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A differential of 95 bps is material—particularly when evaluating the performance variance between actively managed large-cap blend funds and index-based large-cap blend funds. As it pertains to "active vs. passive" comparisons, the performance of actively managed large-cap blend funds will be more compelling if compared against the Morningstar Large Cap Index and less compelling if compared against the Dow Jones US Large Cap Index.
The performance differences among the large-cap U.S. equity indexes demonstrated in Figure 1 represent various index composition methodologies at work. They are all different: some slightly different and others significantly different. What is noteworthy is the amount of variation in any given year between the best- and worst-performing U.S. large-cap index. For instance, in 2009, the gap between the best-performing large-cap blend index (Russell 1000) and the worst-performing index (Morningstar Large Cap) was 367 bps.
Among large-cap value indexes, the annual difference between the best- and worst-performing index ranged from 133 bps in 2005 to 980 bps in 2009. The S&P 500/Citigroup Value Index had a return of 21.2 percent in 2009 compared with a return of 11.4 percent for the Morningstar Large Value Index. Clearly, an "active vs. passive" comparison would be dramatically impacted based on which of those two indexes was used as the performance bogey for passive investing.
The variation in performance is even more pronounced among large-cap growth indexes. For instance, in 2009, the gap between the best- and worst-performing indexes was 1,280 bps. Even over lengthy time frames, the performance variation among the various large-cap growth indexes can be surprisingly large. For instance, the 10-year average annualized return of the Dow Jones US Large Growth Index was 2.87 percent, whereas the 10-year return for the Morningstar Large Growth Index was 0.34 percent—a difference of 253 bps.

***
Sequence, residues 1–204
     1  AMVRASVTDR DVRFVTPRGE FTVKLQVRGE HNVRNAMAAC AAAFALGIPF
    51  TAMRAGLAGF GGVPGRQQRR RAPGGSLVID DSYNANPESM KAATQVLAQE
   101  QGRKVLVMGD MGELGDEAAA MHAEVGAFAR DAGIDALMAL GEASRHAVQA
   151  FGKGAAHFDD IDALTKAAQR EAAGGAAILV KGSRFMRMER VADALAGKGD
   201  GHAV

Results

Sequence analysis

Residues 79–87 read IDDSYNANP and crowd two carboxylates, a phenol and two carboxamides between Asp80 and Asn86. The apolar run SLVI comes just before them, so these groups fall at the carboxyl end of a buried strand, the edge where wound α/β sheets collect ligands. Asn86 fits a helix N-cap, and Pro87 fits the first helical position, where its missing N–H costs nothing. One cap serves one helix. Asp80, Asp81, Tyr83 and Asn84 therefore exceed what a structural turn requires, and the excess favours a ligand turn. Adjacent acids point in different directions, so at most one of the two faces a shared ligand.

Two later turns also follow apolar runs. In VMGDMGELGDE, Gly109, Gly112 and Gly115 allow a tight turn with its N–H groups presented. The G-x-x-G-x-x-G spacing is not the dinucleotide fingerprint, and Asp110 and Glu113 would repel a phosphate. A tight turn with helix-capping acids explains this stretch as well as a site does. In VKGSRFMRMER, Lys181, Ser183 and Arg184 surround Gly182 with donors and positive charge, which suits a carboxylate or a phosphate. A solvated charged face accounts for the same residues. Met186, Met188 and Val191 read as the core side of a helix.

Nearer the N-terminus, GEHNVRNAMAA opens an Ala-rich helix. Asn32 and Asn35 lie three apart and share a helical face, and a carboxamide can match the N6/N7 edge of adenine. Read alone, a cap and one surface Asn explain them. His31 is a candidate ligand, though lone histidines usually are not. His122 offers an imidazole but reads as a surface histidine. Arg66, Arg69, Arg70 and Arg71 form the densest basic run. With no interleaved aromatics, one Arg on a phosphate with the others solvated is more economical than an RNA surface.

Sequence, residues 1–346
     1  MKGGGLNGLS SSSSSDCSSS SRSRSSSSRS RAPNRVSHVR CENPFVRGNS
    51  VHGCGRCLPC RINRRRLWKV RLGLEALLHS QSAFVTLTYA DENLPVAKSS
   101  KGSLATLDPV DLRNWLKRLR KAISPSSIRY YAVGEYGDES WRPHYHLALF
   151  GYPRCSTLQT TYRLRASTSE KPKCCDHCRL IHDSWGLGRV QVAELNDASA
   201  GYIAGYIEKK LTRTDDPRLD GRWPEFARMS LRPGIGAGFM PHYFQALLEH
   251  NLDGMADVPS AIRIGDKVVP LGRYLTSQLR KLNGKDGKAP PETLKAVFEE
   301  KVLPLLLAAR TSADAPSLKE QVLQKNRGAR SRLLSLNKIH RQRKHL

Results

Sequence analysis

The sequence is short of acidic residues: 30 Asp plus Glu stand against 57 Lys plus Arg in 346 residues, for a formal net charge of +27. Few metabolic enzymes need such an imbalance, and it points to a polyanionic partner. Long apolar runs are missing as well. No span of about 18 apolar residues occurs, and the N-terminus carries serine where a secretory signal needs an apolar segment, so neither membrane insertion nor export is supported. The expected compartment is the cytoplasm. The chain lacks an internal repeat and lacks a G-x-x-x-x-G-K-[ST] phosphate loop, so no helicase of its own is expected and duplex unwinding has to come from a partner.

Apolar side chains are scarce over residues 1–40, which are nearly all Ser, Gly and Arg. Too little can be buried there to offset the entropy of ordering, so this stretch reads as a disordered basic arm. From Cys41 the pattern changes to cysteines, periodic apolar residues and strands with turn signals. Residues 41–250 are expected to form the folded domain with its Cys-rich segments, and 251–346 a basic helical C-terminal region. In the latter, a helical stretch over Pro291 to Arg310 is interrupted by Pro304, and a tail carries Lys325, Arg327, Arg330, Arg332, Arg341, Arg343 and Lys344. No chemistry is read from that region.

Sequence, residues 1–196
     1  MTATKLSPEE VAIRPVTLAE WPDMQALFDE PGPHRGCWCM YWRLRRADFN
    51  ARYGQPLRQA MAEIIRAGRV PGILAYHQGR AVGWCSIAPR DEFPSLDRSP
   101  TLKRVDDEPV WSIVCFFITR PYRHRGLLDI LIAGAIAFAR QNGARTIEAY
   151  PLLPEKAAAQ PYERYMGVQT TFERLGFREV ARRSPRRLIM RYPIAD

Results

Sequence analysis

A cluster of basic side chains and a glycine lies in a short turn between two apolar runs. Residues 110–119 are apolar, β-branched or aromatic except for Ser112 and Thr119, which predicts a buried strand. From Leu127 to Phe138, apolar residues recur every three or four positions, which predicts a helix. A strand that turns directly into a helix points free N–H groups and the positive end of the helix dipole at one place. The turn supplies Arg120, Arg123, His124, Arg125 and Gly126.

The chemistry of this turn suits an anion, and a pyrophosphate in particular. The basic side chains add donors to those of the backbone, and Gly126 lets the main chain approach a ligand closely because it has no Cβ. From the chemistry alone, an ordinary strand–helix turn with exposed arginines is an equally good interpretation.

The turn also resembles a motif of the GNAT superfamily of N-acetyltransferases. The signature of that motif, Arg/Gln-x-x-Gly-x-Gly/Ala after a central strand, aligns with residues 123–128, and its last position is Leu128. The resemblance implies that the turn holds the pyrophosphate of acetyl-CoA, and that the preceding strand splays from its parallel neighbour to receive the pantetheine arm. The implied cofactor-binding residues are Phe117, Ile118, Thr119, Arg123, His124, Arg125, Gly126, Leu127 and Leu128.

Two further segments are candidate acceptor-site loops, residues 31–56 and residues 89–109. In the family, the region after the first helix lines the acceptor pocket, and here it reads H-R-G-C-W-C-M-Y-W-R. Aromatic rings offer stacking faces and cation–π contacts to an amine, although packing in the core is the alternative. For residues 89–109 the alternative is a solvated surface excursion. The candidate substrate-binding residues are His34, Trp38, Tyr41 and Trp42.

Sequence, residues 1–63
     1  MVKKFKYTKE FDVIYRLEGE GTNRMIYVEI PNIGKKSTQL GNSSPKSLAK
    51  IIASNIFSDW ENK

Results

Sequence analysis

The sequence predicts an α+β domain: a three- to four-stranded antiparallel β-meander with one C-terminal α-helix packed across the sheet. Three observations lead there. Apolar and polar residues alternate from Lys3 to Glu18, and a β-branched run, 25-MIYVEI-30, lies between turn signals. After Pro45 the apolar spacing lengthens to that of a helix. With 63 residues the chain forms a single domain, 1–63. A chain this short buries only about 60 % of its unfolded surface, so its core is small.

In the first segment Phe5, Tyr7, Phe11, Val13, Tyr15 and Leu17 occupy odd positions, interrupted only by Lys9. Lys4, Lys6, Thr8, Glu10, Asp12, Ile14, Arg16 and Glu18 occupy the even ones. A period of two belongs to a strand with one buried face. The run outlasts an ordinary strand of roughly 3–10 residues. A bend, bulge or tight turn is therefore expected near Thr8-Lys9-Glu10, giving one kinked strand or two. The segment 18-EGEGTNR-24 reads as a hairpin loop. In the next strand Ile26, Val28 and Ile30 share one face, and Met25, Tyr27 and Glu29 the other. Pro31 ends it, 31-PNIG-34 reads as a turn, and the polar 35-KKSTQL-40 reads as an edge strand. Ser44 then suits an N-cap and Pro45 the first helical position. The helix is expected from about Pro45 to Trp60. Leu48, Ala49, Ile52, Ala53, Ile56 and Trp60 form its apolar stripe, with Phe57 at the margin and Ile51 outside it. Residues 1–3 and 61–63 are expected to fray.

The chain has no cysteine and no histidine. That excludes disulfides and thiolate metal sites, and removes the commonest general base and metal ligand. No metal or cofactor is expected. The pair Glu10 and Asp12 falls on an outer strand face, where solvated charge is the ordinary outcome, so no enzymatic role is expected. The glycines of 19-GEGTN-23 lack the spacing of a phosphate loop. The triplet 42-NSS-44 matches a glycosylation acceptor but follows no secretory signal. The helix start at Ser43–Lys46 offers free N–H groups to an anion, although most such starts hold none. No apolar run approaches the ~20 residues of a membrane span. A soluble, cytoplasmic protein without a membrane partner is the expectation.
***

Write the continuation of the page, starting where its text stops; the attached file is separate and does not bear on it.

Midcap US Equity Indexes
Among midcap blend indexes, the annual performance differences ranged from 124 bps in 2011 to 718 in 2009. Significant variation among midcap indexes is observed in the growth category. For instance, in 2009, the S&P Midcap 400/Citigroup Growth Index had a one-year return of 41.1 percent compared with a return of 55.6 percent for the Dow Jones US Mid-Cap Growth Index. Between the best- and worst-performing midcap growth indexes, the performance differential exceeded 1,200 bps in three of the 10 years. Between the Morningstar Mid Growth Index and the Dow Jones US Mid-Cap Growth Index was a 328 bps difference in their 10-year average annualized returns.